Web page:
A collection of poems by an accomplished modern Yiddish poet.
Sholem Aleichem raises colloquial Yiddish to a high level of stylization ,
comparable to what Mark Twain does for nineteenthcentury American speech .
Among the poets there is constant verbal improvisation and innovation . Yiddish
Author: Irving Howe
Publisher: Viking Adult
Features the works of six major Yiddish poets and selections from the work of thirty-three others with Yiddish and English on facing pages
Her friend Michael is different, too—multilingual and cosmopolitan in a way that
belies an upbringing in Plattsburgh, New York, well versed in the martini shake
and the use of bitters and colloquial Yiddish. Let me now expand my warm ...
Author: Gary Shteyngart
Publisher: Random House
NEW YORK TIMES BESTSELLER • NATIONAL BOOK CRITICS CIRCLE AWARD FINALIST NAMED ONE OF THE TEN BEST BOOKS OF THE YEAR BY MICHIKO KAKUTANI, THE NEW YORK TIMES • NAMED ONE OF THE TEN BEST NONFICTION BOOKS OF THE YEAR BY TIME NAMED ONE OF THE BEST BOOKS OF THE YEAR BY MORE THAN 45 PUBLICATIONS, INCLUDING The New York Times Book Review • The Washington Post • NPR • The New Yorker • San Francisco Chronicle • The Economist • The Atlantic • Newsday • Salon • St. Louis Post-Dispatch • The Guardian • Esquire (UK) • GQ (UK) Little Failure is the all too true story of an immigrant family betting its future on America, as told by a lifelong misfit who finally finds a place for himself in the world through books and words. In 1979, a little boy dragging a ginormous fur hat and an overcoat made from the skin of some Soviet woodland creature steps off the plane at New York’s JFK International Airport and into his new American life. His troubles are just beginning. For the former Igor Shteyngart, coming to the United States from the Soviet Union is like stumbling off a monochromatic cliff and landing in a pool of Technicolor. Careening between his Soviet home life and his American aspirations, he finds himself living in two contradictory worlds, wishing for a real home in one. He becomes so strange to his parents that his mother stops bickering with his father long enough to coin the phrase failurchka—“little failure”—which she applies to her once-promising son. With affection. Mostly. From the terrors of Hebrew School to a crash course in first love to a return visit to the homeland that is no longer home, Gary Shteyngart has crafted a ruthlessly brave and funny memoir of searching for every kind of love—family, romantic, and of the self. BONUS: This edition includes a reading group guide. Praise for Little Failure “Hilarious and moving . . . The army of readers who love Gary Shteyngart is about to get bigger.”—The New York Times Book Review “A memoir for the ages . . . brilliant and unflinching.”—Mary Karr “Dazzling . . . a rich, nuanced memoir . . . It’s an immigrant story, a coming-of-age story, a becoming-a-writer story, and a becoming-a-mensch story, and in all these ways it is, unambivalently, a success.”—Meg Wolitzer, NPR “Literary gold . . . [a] bruisingly funny memoir.”—Vogue “A giant success.”—Entertainment Weekly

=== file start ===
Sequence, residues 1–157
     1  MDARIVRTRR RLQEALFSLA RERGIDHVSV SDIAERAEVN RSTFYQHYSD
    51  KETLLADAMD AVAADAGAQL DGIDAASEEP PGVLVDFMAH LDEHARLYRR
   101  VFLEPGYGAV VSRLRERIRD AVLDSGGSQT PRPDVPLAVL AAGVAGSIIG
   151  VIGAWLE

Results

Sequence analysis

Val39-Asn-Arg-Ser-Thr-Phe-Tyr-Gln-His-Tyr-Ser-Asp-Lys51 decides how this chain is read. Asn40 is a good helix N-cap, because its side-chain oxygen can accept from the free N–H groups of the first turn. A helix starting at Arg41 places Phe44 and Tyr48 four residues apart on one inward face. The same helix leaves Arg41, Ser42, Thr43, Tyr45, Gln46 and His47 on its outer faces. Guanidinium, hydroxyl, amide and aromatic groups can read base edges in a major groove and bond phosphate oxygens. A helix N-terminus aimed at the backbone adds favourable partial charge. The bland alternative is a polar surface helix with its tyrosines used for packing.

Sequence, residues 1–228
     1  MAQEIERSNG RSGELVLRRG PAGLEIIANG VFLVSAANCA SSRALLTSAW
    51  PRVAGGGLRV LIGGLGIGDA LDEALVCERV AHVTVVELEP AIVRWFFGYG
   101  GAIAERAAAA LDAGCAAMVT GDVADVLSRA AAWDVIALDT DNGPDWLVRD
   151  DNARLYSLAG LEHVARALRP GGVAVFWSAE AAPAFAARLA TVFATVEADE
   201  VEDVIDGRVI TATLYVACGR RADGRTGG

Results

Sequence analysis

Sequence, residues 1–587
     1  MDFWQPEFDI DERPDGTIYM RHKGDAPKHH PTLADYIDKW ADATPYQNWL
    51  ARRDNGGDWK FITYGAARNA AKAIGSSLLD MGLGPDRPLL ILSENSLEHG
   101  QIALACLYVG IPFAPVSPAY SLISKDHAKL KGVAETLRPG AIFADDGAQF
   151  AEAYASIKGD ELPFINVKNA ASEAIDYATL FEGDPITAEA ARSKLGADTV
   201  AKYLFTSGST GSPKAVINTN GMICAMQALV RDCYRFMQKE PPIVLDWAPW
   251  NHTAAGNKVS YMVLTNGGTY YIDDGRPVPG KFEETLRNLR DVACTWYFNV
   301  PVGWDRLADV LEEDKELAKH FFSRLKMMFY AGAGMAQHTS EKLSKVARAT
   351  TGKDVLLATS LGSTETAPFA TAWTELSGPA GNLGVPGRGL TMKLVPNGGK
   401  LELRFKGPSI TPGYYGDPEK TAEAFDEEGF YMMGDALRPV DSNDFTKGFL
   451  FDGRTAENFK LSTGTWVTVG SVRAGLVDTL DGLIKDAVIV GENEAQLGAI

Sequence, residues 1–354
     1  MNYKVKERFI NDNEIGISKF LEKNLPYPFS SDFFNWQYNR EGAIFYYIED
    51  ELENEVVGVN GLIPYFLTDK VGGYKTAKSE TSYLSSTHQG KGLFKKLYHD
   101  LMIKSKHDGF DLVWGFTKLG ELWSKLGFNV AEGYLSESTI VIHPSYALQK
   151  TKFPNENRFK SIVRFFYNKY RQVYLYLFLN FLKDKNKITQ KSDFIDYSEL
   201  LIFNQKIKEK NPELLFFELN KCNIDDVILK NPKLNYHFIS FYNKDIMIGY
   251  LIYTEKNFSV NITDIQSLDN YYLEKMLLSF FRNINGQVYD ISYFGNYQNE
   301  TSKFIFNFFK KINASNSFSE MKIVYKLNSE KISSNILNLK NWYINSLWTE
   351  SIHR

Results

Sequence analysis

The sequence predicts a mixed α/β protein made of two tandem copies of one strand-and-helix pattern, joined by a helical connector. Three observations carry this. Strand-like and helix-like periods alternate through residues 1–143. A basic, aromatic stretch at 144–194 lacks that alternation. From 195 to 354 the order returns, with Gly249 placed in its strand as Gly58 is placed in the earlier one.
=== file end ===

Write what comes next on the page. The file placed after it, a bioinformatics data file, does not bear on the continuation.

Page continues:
A number of American Yiddish innovations, such as allrightnik and boychik, have
found their way into colloquial AmE. See DIALECT IN AMERICA, Jewish English.
YIDDISHISM. An expression or construction typical of the YIDDISH language, ...